I think about how God must be viewing this. I am a believer that God does witness what happens here. He must be shaking his head with sorrow. How many chances do we get to learn that we are all his children -- none of us are identical, but we are all part of the human family, all deserving of decent lives, all meriting the same opportunities. I don't want churches involved in politics, but I do wish more people of faith were standing up to the racism going on here.
You do not have to vote for Obama to stand up to the racism.
Anxious Black Woman recounts the "Bradley effect" where
"Two decades ago, Douglas Wilder watched as a 9% lead in the polls in the race to be Virginia's governor slipped to just one-tenth of 1% when the ballots were counted.
He still won the election - becoming the first African-American to be elected a US state governor - but the narrowness of his victory led analysts to speculate that he had been a victim of a white hesitancy to vote for a black man.
The theory goes that some white voters tell opinion pollsters they will vote for a black candidate - but then, in the privacy of the polling booth, put their cross against a white candidate's name.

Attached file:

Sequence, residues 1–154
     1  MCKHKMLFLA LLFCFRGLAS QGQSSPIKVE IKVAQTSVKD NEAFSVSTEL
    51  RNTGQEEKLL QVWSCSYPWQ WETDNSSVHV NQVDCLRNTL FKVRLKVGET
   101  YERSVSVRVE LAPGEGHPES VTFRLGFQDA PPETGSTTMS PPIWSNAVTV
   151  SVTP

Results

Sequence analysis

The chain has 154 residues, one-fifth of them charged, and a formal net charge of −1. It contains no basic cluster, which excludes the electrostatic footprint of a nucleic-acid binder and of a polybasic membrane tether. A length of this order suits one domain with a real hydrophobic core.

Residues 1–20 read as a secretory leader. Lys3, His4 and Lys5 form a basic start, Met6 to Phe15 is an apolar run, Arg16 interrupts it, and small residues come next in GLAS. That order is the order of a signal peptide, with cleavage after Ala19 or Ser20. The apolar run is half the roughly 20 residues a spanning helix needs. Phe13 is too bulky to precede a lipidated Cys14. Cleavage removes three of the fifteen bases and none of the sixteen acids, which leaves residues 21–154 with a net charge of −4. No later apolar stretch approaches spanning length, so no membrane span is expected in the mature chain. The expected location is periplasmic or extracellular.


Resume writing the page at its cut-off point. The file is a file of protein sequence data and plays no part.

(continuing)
And the fear among some supporters is that this could happen to Barack Obama on 4 November, when the country votes for its next president."
Michelle, in her post 'The New Racism' points out that religion may be the new substitute for race in the prejudice arena:
Colin Powell made an excellent point: Obama is definitely not a Muslim, but so what if he was? The truth is that America is one of the most pro-Christian countries in the world. Europe long ago gave up trying to integrate Christianity into the political sphere, but here in America we still have a large population that believes political dogma should be firmly held under the Christian umbrella. Although Powell makes a good point, many white Americans are not ready to accept that the Muslim faith is as pure as the Christian one."
Mata H, CE for Religion and Spirituality, blogs until her soul shakes at Time's Fool